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Madagascar

Madagascar

Read more about FAO in emergencies and the locust crisis in MadagascarMore than three-quarters of Malagasy families earn a living from agriculture, but frequent natural disasters – drought in the South, cyclones in the East, locust threats – cut into production and incomes, pushing families into poverty and hunger. A locust plague that began in April 2012 could endanger the livelihoods of 13 million people – roughly 60 percent of the population. Madagascar has some of the highest malnutrition rates in the world, behind Afghanistan and Yemen. Through crop and income diversification, improved agricultural practices and stronger disaster preparedness, FAO is helping Malagasy families produce more and earn more – and reduce their reliance on external aid.

Building resilience to natural disasters

The frequency with which natural disasters strike Madagascar makes it increasingly difficult for farming families to recover. Challenges such as fields repeatedly damaged or destroyed by cyclones and flooding or yields reduced by drought or pest infestations cause greater food insecurity and uncertainty. FAO is working to ensure that families are better equipped to cope with a changing climate. It is expanding storage facilities, prepositioning quality seed in the event of a disaster and strengthening the capacity of local producers to multiply and market quality seed adapted to the country’s different agro-ecological zones. It is also training farmers on improved agricultural techniques and encouraging them to diversify production.

Improving food security in cities

Many of Madagascar’s city dwellers live in poverty, aggravated by political instability, rapid urbanization and unemployment. Some 31 percent of the population in the country’s capital gets by on less than 50 cents a day, with more than half of that used to buy food. Seasonal inflation of staples means that many cannot afford the food they need. FAO is helping families in urban areas diversify and improve the quantity and quality of food produced, working to ensure reliable supplies of high-yielding seeds and introducing micro-irrigation kits for production during the dry season. FAO is also strengthening the capacity of producer organizations to supply fresh and nutritious food to urban markets and is supporting Government efforts to integrate nutritional awareness programmes into primary schools.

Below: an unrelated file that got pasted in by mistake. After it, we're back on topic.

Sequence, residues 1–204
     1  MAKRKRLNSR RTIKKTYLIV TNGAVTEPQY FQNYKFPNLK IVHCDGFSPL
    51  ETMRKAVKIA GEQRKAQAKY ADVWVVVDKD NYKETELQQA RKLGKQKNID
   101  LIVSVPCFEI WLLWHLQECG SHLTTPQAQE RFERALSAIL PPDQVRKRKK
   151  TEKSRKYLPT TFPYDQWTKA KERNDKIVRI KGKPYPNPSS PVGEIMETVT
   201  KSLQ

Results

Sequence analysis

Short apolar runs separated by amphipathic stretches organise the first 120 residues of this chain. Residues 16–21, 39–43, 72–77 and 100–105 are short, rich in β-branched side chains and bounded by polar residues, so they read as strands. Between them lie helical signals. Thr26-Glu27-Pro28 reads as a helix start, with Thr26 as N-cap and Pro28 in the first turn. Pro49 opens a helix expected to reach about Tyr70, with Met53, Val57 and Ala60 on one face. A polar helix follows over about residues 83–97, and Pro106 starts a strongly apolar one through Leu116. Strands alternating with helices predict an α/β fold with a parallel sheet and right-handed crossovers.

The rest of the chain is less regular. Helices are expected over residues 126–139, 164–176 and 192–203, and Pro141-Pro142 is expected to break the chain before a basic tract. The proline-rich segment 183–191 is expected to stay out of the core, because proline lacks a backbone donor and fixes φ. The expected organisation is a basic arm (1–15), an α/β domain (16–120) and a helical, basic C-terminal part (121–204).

Reducing losses from locusts

Madagascar’s southern districts are particularly vulnerable to locust outbreaks, which can be disastrous for food crops and pasture. An ongoing locust crisis is threatening the livelihoods of some 13 million people – nine million of whom rely on agriculture for their living, especially rice farming. FAO is helping to strengthen the country’s ability to prevent and control locust infestations by providing technical assistance in the management and use of pesticides, and supporting ground control operations. Efforts to protect human and environmental health are an important part of the campaign.

 

More about the country

 - Durant la 3ème décade de décembre 2014, la pluviosité était très faible tant dans l’Aire grégarigène que dans l’Aire d’invasion.Les informations pluviométriques étaient contradictoires, selon les ...read more
19/02/2015
 - Durant la 2ème décade de décembre 2014, la pluviosité augmentait dans la majeure partie de la Grande-Île et devenait excessive pour le Criquet migrateur malgache, surtout ...read more
11/02/2015
 - The northern part of the Invasion Area is now free from Malagasy Migratory Locust infestations. In the central part of the Invasion Area (in the Betsiriry ...read more
09/02/2015
 - Durant la 1ère décade de décembre 2014, la pluviosité était relativement importante et diversement repartie, surtout dans l’Aire d’invasion Centre et la quasi-totalité de l’Aire grégarigène. ...read more
09/02/2015
 - La campagne antiacridienne 2014/2015 a commencé, sur le terrain, à la fin de la première décade d’octobre par le déploiement de la Base 1 à Tsiroanomandidy. ...read more
03/02/2015
 - Durant la 3ème décade de novembre, les estimations de FEWS-NET indiquaient que des conditions arides perduraient dans l'Aire grégarigène et s'étendaient à l'Aire d’invasion (compartiment Centre). ...read more
30/01/2015
 - Madagascar is prone to natural disasters, including drought, floods, cyclones and locust crises. The current locust plague began in April 2012, following a two-year upsurge that ...read more
30/01/2015
 - Durant la 2ème décade de novembre, les informations pluviométriques restaient hétérogènes : les estimations de FEWS-NET (figure 1) indiquaient que la pluviosité était au moins supérieure à ...read more
26/01/2015
 - In Madagascar, the battle against an ongoing plague of locusts risks being lost as funds for continuing operations run out. Failure to carry through the joint ...read more
21/01/2015
 - The livelihoods of up to 13 million people in Madagascar continue to be threatened by plagues of migratory locusts. As FAO renews calls for further funding ...read more
21/01/2015